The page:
It’s time, friends. Time for Tolstoy.
“Times are tough, anxiety and fear are pervasive, and people are searching for answers to questions big and small. The country is at war, change is in the air, and the future remains uncertain. Welcome to Russia at the beginning of the nineteenth century. Welcome to the World of Leo Tolstoy’s War and Peace” [Loc 346, Simon & Schuster eBook]
I actually started this morning and against all of my expectations, I like it. Sure, there are an awful lot of people milling about and many a Russian name but it’s no more difficult to follow than any other classic and it’s not particularly hard to read.
I’m reading a free Kindle edition
because 1,200 + pages are heavy and I figured I could just ditch it without feeling guilty if it turned out to be rubbish. So far, I’m quite impressed. The translation doesn’t feel awkward and it translates where the characters drift off into French. And it has a great introduction. I don’t usually read introductions because I hate it when they usually have a pretty liberal approach to doling out the spoilers but this one was kind of a ode to Tolstoy and the enthusiasm was infectious. I found myself genuinely looking forward to getting started, which was tremendously unsettling. The relaxed tone helped. If you have a Kindle and haven’t got started, I recommend having a nosy at this introduction, even if just for the random facts about Tolstoy like this one:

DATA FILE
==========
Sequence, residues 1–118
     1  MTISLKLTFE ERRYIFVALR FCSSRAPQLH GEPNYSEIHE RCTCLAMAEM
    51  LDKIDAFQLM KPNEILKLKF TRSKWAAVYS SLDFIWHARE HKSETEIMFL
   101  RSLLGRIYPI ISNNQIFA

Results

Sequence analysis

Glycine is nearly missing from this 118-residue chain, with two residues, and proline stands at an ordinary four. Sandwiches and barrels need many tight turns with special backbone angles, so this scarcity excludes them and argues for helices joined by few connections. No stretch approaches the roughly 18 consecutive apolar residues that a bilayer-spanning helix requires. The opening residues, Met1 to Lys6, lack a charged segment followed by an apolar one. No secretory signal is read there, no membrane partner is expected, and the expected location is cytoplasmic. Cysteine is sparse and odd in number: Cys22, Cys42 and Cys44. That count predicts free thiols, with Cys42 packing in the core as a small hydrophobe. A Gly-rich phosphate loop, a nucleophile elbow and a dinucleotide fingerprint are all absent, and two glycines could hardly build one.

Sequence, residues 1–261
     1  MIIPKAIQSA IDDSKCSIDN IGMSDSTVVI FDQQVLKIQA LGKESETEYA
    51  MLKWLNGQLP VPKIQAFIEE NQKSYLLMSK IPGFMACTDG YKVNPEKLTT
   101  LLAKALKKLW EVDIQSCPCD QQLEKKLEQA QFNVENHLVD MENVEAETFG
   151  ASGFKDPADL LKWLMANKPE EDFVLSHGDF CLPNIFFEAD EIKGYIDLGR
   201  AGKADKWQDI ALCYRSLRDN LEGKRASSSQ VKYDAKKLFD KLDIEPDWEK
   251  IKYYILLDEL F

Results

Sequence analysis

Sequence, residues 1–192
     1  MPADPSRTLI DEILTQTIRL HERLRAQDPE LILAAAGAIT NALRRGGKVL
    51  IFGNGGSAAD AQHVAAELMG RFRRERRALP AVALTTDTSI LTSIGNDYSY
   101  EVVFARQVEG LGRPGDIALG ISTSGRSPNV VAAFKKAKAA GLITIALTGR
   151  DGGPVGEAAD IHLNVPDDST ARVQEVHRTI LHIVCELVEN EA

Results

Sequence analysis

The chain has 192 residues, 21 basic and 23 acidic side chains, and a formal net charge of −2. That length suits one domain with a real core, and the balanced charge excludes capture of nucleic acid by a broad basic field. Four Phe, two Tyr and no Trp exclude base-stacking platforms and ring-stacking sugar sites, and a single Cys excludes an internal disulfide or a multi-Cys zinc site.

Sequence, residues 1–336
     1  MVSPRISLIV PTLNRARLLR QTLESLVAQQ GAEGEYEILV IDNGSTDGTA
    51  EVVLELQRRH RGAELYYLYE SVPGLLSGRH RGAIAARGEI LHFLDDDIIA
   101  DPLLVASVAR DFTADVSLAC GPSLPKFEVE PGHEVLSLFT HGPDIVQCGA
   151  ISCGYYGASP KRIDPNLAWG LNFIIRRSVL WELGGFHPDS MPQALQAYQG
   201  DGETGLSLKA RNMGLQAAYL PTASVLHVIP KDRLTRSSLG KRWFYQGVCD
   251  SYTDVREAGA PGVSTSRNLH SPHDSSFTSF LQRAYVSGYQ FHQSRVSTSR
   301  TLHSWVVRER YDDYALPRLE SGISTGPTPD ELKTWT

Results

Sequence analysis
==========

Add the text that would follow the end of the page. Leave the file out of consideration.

“Tolstoy could be wildly unpragmatic, and the career advice he gave to his eldest son, Seryozha,upon graduation from the university – “Take a broom and sweep the streets” – borders on what can only be called parental malpractice. As does his intention to give his and his family’s property away to the peasants, and his renunciation of the copyright on all of his earlier works, including War and Peace and Anna Karenina” [Loc 494, Simon & Schuster eBook]
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See you all next Sunday to chatter about Book One! We can do this.